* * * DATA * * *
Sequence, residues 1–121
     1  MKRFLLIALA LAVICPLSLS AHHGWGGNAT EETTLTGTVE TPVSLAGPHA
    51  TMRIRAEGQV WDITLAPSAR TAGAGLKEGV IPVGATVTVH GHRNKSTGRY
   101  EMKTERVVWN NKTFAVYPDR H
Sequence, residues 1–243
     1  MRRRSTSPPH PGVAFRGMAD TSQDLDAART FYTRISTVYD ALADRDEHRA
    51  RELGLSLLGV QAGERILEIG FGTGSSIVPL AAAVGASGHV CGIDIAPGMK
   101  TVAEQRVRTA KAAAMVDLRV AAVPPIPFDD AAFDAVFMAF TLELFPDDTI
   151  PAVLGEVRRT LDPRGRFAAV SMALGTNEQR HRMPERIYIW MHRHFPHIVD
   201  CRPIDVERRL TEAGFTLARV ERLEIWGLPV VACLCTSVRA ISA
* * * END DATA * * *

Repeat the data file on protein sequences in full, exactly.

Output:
Sequence, residues 1–121
     1  MKRFLLIALA LAVICPLSLS AHHGWGGNAT EETTLTGTVE TPVSLAGPHA
    51  TMRIRAEGQV WDITLAPSAR TAGAGLKEGV IPVGATVTVH GHRNKSTGRY
   101  EMKTERVVWN NKTFAVYPDR H
Sequence, residues 1–243
     1  MRRRSTSPPH PGVAFRGMAD TSQDLDAART FYTRISTVYD ALADRDEHRA
    51  RELGLSLLGV QAGERILEIG FGTGSSIVPL AAAVGASGHV CGIDIAPGMK
   101  TVAEQRVRTA KAAAMVDLRV AAVPPIPFDD AAFDAVFMAF TLELFPDDTI
   151  PAVLGEVRRT LDPRGRFAAV SMALGTNEQR HRMPERIYIW MHRHFPHIVD
   201  CRPIDVERRL TEAGFTLARV ERLEIWGLPV VACLCTSVRA ISA